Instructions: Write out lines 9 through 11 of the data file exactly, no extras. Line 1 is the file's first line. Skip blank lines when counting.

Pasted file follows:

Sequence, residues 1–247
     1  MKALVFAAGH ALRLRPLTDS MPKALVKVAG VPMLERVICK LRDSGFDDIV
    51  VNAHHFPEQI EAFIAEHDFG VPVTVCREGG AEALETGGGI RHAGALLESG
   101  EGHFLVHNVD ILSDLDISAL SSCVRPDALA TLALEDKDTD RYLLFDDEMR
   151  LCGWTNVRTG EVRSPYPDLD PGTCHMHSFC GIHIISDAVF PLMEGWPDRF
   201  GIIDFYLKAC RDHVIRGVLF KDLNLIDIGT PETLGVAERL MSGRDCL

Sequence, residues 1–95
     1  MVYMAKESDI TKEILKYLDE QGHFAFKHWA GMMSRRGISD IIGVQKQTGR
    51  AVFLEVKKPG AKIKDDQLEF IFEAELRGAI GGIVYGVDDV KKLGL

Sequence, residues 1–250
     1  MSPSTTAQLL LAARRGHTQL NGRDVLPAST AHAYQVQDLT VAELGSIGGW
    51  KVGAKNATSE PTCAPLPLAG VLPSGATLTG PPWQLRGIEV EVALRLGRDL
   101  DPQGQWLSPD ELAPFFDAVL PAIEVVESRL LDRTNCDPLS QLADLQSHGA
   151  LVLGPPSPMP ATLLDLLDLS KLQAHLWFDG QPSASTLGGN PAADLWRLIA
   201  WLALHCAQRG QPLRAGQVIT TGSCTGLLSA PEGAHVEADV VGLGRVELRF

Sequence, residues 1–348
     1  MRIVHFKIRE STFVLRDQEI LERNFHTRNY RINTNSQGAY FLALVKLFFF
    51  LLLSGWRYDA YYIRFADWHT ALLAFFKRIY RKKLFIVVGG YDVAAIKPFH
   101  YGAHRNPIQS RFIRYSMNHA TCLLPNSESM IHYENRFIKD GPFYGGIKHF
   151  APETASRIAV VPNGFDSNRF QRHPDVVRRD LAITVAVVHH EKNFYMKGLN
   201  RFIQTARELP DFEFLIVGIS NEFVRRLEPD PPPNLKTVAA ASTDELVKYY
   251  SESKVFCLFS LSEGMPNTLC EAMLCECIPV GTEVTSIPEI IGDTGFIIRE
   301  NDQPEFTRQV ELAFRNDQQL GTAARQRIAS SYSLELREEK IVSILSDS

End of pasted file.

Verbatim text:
    51  AVFLEVKKPG AKIKDDQLEF IFEAELRGAI GGIVYGVDDV KKLGL

Sequence, residues 1–250
     1  MSPSTTAQLL LAARRGHTQL NGRDVLPAST AHAYQVQDLT VAELGSIGGW